Detect Tension Headaches

Detect Tension Headaches

Detect Tension Headaches


Detect Tension Headaches

Tense headaches or tension headaches are pain, tightness, or there is pressure around the forehead or back of the head and neck. Some people say that it feels like a squeezed skull. Tense headaches can also be referred to as stress headaches, and this is the most common headache in adults. When you have this condition for less than 5 days per month, it is referred to as an episodic tension headache. However, if it occurs more often, it is called chronic.

This headache can last from 30 minutes to several days. The episodic type usually starts gradually, often in the middle of the day. Chronic pain comes and goes for a longer period of time. The pain may be stronger or subside throughout the day, but almost always there. Even though your head hurts, this condition will not stop you from your daily activities, and it will not affect your vision, balance or strength.

What causes tension headaches?

There is no single cause for this condition. However, most are triggered by stress, whether from work, school, family, friends, or other relationships. Episodic conditions are usually triggered by a tense or stressful situation. Tensions that occur daily can cause chronic types.

This type of headache is not inherited in the family. Some people experience it because of the tight muscles behind the neck and scalp. This muscle tension can come from:

  • Not enough rest
  • Poor posture.
  • Emotional or mental stress, including depression
  • Anxiety
  • Fatigue
  • Hunger
  • Lack of iron levels

However, for some people, muscle tension is not the cause of tension headaches, and the cause is unclear.

What are the signs and symptoms of tension headaches?

Some common symptoms are:

  • Mild to moderate pain, or pressure in the front, top or side of the head
  • Headaches appear in the afternoon
  • It's hard to sleep
  • Fatigue
  • Irritability
  • Difficulty focusing.
  • Sensitive sensitivity to sound or sound
  • Muscle pain

Unlike migraine headaches, you will not have other neurological symptoms, such as muscle weakness or blurred vision. And headaches usually do not cause sensitivity to light and sound, abdominal pain, nausea, or vomiting.

How to treat tension headaches?

Treatment for tension headaches includes prescription drugs, pain relievers, combination drugs containing aspirin, acetaminophen, caffeine, stress management techniques, and home remedies.

1. Prescription medication

If a diagnosis of a chronic condition has been determined or suspected, prescription drugs can be used in an effort to reduce the frequency and severity of pain. Drugs used include antidepressants and anti-seizure agents. Doctors can help determine the best agent for patients.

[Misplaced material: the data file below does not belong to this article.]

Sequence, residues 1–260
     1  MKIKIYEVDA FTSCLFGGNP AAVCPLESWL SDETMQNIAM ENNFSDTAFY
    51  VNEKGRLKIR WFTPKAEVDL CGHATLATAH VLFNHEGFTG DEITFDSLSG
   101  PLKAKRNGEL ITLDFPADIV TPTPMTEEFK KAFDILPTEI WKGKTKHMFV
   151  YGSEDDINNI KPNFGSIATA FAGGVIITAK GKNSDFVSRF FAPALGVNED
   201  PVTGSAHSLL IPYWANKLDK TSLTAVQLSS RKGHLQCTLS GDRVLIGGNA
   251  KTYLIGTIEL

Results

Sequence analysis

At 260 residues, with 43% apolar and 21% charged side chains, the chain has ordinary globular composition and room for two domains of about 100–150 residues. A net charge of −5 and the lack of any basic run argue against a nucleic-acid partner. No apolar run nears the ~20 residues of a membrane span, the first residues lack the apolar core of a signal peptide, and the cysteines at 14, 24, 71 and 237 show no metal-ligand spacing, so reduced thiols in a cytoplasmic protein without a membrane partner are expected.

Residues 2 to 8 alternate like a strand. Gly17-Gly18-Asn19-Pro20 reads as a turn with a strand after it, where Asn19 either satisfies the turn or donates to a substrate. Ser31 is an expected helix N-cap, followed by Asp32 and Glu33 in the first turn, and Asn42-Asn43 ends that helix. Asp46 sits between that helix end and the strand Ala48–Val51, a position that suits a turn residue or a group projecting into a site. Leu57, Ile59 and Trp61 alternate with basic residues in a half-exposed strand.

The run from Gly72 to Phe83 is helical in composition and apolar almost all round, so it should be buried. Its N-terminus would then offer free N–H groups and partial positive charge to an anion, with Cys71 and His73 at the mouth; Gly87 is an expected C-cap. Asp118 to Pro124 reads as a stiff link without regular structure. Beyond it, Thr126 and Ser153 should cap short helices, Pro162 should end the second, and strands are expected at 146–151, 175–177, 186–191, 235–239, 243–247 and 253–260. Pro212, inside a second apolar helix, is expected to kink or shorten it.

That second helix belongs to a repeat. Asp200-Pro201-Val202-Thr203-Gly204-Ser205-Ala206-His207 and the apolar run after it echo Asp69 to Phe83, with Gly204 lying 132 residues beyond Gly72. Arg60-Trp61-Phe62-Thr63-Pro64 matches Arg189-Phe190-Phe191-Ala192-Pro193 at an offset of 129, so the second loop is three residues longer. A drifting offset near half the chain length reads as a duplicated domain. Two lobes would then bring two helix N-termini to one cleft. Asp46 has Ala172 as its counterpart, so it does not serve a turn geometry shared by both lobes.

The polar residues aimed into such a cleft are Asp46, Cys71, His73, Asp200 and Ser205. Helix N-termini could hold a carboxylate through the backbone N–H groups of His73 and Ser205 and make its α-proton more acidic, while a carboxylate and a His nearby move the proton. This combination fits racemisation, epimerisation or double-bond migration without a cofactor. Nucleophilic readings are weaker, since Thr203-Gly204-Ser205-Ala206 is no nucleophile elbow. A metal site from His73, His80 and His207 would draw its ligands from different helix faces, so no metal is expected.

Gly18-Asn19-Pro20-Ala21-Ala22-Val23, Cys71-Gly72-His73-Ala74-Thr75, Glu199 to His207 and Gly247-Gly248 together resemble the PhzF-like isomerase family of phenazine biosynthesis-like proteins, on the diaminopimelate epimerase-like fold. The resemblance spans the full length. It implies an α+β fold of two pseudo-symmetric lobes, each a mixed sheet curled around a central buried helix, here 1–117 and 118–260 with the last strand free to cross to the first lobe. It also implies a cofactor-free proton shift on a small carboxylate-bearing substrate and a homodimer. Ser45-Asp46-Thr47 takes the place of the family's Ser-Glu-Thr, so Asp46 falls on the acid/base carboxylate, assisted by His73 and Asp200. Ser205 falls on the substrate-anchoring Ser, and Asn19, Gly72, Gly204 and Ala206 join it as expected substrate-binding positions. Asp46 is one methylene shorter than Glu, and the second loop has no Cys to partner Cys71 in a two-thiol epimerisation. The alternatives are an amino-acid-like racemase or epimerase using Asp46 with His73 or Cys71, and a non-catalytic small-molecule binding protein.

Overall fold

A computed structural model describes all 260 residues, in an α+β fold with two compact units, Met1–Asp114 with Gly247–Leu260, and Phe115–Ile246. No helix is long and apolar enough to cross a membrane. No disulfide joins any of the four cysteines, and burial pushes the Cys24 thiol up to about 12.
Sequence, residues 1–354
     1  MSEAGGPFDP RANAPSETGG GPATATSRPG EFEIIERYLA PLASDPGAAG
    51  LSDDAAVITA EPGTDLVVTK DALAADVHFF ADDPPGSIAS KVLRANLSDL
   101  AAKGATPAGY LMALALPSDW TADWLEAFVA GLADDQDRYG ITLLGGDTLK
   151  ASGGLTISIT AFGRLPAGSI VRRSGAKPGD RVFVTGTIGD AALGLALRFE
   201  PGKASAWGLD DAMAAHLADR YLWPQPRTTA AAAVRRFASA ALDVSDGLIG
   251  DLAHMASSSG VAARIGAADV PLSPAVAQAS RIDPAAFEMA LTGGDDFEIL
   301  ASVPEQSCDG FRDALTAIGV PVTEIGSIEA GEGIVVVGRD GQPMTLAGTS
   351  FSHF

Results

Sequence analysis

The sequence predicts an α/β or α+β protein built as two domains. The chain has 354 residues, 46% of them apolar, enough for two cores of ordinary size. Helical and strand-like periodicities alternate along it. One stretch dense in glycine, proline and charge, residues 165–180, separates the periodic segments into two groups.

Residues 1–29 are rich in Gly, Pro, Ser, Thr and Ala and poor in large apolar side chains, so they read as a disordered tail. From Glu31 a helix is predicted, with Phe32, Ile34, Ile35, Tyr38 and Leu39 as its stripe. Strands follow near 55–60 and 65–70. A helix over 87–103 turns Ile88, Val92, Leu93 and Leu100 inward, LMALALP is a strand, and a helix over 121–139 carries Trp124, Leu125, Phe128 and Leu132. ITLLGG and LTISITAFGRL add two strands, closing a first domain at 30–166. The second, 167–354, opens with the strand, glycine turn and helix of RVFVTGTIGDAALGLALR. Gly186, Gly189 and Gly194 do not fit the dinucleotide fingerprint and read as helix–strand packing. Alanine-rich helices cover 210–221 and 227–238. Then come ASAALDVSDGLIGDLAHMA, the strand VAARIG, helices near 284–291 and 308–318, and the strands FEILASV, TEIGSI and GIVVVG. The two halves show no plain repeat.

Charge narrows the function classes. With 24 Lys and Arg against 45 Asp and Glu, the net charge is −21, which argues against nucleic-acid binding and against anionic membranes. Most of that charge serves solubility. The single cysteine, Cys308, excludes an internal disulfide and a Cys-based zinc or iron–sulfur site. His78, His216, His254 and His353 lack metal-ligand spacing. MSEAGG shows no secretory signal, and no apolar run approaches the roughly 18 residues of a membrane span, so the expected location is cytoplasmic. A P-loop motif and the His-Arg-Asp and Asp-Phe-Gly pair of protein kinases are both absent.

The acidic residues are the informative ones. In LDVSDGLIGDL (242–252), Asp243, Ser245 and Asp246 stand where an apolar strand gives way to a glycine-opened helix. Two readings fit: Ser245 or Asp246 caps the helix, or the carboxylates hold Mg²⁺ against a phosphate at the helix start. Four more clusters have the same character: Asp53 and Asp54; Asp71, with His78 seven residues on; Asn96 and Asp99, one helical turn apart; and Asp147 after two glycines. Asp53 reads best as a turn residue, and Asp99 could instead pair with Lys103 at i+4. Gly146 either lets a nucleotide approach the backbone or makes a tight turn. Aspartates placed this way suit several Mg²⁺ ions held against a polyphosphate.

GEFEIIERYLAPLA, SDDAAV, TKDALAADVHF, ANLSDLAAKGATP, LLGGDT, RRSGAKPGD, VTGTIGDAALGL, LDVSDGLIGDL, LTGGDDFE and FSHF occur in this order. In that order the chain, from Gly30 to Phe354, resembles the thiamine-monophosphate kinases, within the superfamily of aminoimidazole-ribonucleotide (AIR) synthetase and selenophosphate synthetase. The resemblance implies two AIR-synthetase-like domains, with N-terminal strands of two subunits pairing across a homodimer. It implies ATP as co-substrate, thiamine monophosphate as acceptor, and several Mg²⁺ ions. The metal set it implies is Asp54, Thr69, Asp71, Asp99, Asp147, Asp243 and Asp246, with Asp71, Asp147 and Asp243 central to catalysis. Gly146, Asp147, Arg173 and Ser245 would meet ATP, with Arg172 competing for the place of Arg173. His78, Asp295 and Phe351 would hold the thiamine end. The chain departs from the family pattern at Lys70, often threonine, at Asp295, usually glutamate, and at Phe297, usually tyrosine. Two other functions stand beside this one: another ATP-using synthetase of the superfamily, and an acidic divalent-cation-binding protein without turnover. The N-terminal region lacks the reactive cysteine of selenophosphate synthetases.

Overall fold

2. OTC drugs

Many people treat this condition using over-the-counter drugs, such as acetaminophen, ibuprofen, or combination drugs. These medicines are safe if used according to the rules, but if overused they will make headaches more frequent and more severe. This can occur if the drug is used more than 2 days every week on a regular basis. If this headache occurs during pregnancy, the patient must contact the doctor first about what medicines are safe for consumption.

Products containing aspirin should not be used for children because of the risk of Reye's syndrome. The use of acetaminophen for a long time or in large quantities can cause liver toxicity (the maximum dose is 3 grams per day), and in fact many drugs are combined with acetaminophen, so patients must discuss it with their doctor first.

3. Stress management techniques

For people who experience recurrent tension headaches, stress management techniques have become an effective way to help reduce the frequency of headaches and severity. This can include regular exercise, deep breathing techniques, and relaxation exercises. Other non-drug approaches can include massage, heat, ice, or acupuncture. Learning to identify stressful situations that trigger headaches and how to take steps to avoid them is also a useful strategy for many individuals.

4. Natural treatment

Here are the treatments you can do at home:

  • Treatment or alternative therapy : Alternative therapies such as hot compresses or ice packs can provide great benefits for some individuals.
  • Hydration : Sometimes headaches can be triggered by mild dehydration or lack of food, if so, drink some non-caffeine fluids or any food that can help.
  • Flaxseed : People who eat flaxseed (flaxseed) that are rich in omega-3 may experience a decrease in pain. This is thought to be related to the anti-inflammatory properties of omega-3 fatty acids.
  • Lavender oil : Inhaling the aroma of lavender oil can help reduce the pain of headaches.
  • Scalp massage : Scalp massage is easy to do and can provide significant assistance, concentrate on the temporal area or occipital area (behind the scalp) because that will make the best response.
  • Sports : Sports such as aerobics or certain movements that can improve posture have proven to be quite effective in reducing the frequency of stress headaches.


  • Know the Different Types of Headaches
  • Sex: Healing or Even Aggravating Headaches?
  • 14 Causes of Unexpected Headaches


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